What is it that drives people to buy really expensive items, especially when they can’t afford it?
Why do people take on massive amounts of debt to buy a brand new $50,000 car, when a second hand $5,000 car would suffice?
Continue reading “Stop going broke trying to impress people – Financial Independence, Early Retirement”
Why do some spend hundreds of dollars on shirts that can be found at Kmart for a fraction of the price?
The first and foremost reason I hear is quality. Let’s get this out of the way, price does not necessarily equate to quality. Nor do esteemed brand names necessarily equate to quality.
If I am going to shuffle my way to financial independence and early retirement, I can’t afford to be lining the pockets of the rich. Nor can I afford to buy low quality products that need continual replacement. So let’s sort this out.
Continue reading “Stop being fooled by brands and prices – Financial Independence, Retire Early”
I’ve met a great few people who would rather keep their money in a savings account than invest it elsewhere. Not just momentarily for a future purchase or because of uncertainty in investment markets, but long term. That is where they prefer to leave their money because they think it is
I am puzzled by this behaviour. Some of these people in my own family have tens of thousands of dollars or more squirreled away in term deposits! Not even bonds, but term deposits paying around 2%!
Continue reading “Inflation – The silent killer of your wealth and financial independence”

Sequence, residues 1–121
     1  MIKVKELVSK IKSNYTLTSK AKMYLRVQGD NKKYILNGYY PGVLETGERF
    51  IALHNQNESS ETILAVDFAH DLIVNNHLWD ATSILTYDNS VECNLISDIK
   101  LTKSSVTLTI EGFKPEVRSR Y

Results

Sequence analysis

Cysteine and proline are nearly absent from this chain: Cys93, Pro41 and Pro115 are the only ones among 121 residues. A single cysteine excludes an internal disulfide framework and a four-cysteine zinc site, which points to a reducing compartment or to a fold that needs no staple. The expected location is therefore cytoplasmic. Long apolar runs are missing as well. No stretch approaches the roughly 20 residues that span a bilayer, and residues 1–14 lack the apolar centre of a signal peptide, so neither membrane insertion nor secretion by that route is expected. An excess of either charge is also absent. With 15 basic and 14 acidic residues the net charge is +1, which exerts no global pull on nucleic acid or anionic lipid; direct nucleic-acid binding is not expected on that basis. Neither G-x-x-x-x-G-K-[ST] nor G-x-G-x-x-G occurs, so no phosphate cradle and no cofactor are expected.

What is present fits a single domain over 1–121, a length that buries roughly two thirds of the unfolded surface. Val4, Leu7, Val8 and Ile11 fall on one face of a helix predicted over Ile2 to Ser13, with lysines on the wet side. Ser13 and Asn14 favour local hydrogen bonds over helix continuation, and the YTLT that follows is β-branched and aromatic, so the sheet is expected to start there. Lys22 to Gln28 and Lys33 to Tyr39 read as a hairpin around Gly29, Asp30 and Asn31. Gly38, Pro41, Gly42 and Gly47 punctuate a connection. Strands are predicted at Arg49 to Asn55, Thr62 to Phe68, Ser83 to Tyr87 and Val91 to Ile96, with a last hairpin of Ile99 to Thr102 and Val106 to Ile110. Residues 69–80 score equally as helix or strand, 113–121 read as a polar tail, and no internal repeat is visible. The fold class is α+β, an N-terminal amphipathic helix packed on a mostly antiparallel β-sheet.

Keeping the grocery bill down.
I get by on a small grocery bill. So small that when people ask me, they often cannot believe it! I average about AUD$200 per month on groceries.
This is well below the amount I budgeted when making
my investment strategy, which was $300 per month.
I put it down to a few strategies.
Let’s call them the Shuffler’s way to save money on groceries.
Continue reading “7 Ways a Shuffler saves money on their groceries”
Is contributing extra to superannuation worth it?
One of the most contentious issues for a young shuffler is superannuation.
Some consider it just another part of your overall investment portfolio. A
great tool developed by Aussie Firebug calculates a super/other investment split for attaining financial independence. Continue reading “Can you really trust Superannuation? A case against adding extra money to your Super”
Take action to reach your goals.
The day I decided to work toward financial independence, I immediately started to take action. I knew there were some necessary changes to reach my goal.
Continue reading “Taking Action – Making the changes needed for Financial Independence”
How money and Time intertwine to affect our lives.
I am a big fan of thinking about money in different ways. This helps put things in perspective to help me make the best decisions in life.
Continue reading “Money vs Time – Thinking about money in a whole new light”
Reduce expenses, increase saving
Your savings rate is the most important factor to your long term wealth creation.
Continue reading “Savings Rate – The most important factor to your financial independence”
Is it healthy?
What if I told you that I played video games for 8, 10 or even 12 hours a day?
Imagine that I do this for 5 (maybe 6) days per week. That I also travel 45 minutes every morning at 7 am to play video games and travel 45 minutes back home to eat and sleep before doing it again the next day. Then I tell you that I do this for 48 weeks a year and I often do it to the detriment of my physical and social health.
Continue reading “Work – The only socially acceptable obsession – is it healthy?”
I have made a decision to stay out of the Sydney real estate market and not purchase my own home. This choice raises a few options on where to park my cash. I am young, have a long investment time frame and a large appetite for ‘risk’. Therefore, investing in real estate or the share market seem like two options that fit my circumstances and goals. Term deposits, cash or bonds are terrible ideas that I will discuss in another post. Continue reading “Rentvesting in Shares instead of Property – Property isn’t our only option”